There was a strong turn out for June’s monthly meeting with 42 people in attendance. The evening started out with demonstration of the transit of Venus (as covered by Hackaday). If you’re clever enough you don’t need to fork out a lot of money on fancy equipment, just a telescope, a funnel, acetate and a cardboard box. The homemade contraption provided the entire image of the sun along with a clear view of Venus.
Steve’s presentation on 3D printing wasn’t actually about 3D printing, it was an idea for a website, buildbin.com. This website would be a public queue where people could list things they needed built, 3D printed, knitted, etc. and then in an auction like system people could bid to complete the project, uniting people with ideas to those with the skills and abilities.
Mike presented a binary clock he had made using KiCAD, an open source alternative to EagleCAD. The clock uses three rings of LEDs to indicate time, counting in binary around the face. He spent time correcting for LED color brightness variation by using a constant current driver as well as varying PWM intensity making for a cool looking clock!
Eric’s project was a solution to a problem with his cats that most people who have older siblings can relate to, one cat was eating more than his fair share of the food. To solve this issue he created a cat feeder that used old CD-ROM drive doors, Arduino shields and RFID card reader. Each cat had a card attached to it’s collar when it approached the machine it would open if it was the correct cat and feed it the correct amount or it would close the door if the wrong cat approached.
Bob, who is back from China demonstrated his portable scoreboard along with it’s new features. The updated scoreboard featured a sportier look, a buzzer, different modes such as clock up and clock down and bluetooth so it can be controlled from a phone. In two weeks Bob will be going to a demo day in San Francisco to present his scoreboard for investors.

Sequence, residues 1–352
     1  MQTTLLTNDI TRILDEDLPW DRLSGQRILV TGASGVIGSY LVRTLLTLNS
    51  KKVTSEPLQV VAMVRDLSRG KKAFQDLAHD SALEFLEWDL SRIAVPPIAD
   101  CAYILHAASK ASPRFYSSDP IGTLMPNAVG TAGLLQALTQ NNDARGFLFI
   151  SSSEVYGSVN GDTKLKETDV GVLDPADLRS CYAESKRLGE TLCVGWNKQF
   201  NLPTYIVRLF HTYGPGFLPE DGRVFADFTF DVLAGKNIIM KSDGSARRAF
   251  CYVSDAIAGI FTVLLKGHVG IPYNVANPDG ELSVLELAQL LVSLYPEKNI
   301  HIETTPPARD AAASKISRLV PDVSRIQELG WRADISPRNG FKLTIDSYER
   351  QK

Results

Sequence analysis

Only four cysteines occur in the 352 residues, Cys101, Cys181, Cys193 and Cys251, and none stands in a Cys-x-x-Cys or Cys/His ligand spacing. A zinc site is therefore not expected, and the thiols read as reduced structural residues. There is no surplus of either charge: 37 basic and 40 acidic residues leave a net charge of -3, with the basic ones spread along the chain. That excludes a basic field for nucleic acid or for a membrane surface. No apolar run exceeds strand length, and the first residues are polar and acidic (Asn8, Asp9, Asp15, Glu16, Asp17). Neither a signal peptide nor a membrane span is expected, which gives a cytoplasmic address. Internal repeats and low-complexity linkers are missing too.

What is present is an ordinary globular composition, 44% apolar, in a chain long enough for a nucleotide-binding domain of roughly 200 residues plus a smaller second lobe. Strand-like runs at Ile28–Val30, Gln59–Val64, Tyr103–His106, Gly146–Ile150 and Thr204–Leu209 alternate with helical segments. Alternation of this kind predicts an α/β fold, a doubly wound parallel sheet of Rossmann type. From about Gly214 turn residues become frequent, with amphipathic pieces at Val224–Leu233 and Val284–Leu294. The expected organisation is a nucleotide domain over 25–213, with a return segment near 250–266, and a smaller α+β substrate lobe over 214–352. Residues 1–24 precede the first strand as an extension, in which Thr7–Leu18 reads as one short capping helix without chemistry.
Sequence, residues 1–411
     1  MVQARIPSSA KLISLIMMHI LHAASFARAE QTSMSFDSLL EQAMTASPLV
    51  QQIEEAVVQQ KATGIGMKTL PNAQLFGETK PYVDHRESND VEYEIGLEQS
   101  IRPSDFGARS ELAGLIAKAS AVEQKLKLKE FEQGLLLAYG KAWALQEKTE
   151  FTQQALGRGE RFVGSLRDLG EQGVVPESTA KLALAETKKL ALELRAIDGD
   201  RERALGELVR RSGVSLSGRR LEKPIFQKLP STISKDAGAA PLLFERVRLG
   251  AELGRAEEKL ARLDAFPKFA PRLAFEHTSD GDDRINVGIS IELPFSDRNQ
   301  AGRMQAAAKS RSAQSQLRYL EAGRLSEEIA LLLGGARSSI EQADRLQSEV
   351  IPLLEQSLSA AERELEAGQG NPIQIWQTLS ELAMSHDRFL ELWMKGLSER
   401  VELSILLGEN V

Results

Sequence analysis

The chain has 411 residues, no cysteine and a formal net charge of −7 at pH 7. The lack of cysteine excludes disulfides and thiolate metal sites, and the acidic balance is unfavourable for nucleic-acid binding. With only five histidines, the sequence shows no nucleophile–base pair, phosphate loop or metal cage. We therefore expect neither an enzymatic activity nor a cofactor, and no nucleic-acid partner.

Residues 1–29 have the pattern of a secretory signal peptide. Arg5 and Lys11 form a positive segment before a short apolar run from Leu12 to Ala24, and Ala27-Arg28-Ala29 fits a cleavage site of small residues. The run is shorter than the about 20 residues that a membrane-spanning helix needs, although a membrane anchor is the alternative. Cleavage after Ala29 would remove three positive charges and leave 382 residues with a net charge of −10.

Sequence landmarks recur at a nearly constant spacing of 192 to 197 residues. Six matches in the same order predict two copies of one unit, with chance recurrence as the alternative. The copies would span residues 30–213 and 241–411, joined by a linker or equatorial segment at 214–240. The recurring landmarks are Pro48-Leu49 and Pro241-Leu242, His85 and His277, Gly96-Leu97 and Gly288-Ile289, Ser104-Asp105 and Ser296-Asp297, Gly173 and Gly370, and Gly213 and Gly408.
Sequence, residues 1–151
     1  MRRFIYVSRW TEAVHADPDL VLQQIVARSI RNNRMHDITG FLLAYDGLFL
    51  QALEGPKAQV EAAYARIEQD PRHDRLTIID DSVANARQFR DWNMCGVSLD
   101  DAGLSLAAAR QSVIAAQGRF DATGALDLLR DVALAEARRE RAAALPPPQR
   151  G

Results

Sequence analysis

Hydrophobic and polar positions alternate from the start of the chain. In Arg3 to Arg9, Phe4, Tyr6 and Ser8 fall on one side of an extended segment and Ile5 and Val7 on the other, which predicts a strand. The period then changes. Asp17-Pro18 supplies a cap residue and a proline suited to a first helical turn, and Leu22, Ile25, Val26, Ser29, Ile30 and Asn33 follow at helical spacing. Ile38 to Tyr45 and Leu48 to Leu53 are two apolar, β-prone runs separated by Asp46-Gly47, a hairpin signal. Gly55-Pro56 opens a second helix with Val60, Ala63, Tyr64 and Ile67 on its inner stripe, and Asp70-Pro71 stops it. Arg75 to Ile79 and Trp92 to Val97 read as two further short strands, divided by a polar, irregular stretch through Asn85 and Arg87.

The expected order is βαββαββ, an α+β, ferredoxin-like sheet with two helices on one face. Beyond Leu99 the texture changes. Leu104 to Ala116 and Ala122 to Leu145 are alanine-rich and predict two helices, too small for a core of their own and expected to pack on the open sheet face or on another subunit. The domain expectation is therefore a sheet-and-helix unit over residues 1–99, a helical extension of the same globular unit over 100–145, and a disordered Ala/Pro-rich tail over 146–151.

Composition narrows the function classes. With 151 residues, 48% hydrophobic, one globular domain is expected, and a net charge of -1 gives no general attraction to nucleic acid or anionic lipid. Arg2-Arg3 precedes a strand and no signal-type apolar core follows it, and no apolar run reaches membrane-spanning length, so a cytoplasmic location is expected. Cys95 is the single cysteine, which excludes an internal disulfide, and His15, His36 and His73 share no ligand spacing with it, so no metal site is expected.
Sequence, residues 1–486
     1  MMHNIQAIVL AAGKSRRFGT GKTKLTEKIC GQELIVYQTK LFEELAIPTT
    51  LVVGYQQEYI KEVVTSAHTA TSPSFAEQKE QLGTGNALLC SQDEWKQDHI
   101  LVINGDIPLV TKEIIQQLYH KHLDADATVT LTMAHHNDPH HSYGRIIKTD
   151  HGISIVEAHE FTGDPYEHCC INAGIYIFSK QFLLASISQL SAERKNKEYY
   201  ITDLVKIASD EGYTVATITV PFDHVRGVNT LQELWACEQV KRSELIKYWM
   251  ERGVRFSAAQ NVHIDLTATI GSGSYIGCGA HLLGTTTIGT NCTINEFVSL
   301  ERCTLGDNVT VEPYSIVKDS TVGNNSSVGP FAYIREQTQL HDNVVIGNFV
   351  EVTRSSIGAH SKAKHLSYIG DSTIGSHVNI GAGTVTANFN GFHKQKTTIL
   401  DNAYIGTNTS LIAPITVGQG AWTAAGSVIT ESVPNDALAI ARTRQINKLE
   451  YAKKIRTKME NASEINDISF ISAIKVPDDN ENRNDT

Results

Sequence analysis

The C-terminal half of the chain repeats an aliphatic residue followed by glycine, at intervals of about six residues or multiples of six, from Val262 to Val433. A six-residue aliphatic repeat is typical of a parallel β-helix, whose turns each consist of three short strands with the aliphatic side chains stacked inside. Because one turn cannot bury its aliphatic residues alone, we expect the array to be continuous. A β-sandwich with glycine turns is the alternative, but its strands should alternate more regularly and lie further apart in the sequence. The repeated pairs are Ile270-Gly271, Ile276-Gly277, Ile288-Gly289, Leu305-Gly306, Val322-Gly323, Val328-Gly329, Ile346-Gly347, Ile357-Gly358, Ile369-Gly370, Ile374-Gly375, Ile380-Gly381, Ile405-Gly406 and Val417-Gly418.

Carl stopped by the meeting to thank Sector67 for all their help with the after school class he teaches on inventions at Lowell Elementary School. Kids got a hands on experience learning about circuitry along with other topics.
Anyone who has seen a personalized ad or pop up on the internet knows that privacy and protecting personal information is no longer just a concern for paranoid conspiracy theorists. There are plenty of 3rd parties who collect information about what you look at on the internet and sell it. Avoiding these 3rd parties and keep your information private is the goal of the Freedom Box Project, which Nick Daley is working on. Freedom Box Project is working to create private browsing and communication using Raspberry Pis where you control which ones you want to talk to. A beta for Freedom Box is planned to be released within 6 months.
The evening wrapped up with some demos. The first vacuum forming, demonstrating how the machine works and how you can make personalized a variety of things from candy trays to custom tool cases, gift ideas are endless. The second demo was visualizing radiation using a cloud chamber.
Unlike Venus, you don’t need to wait until 2117 for more updates on projects and ideas, the next meeting is the first Tuesday of July.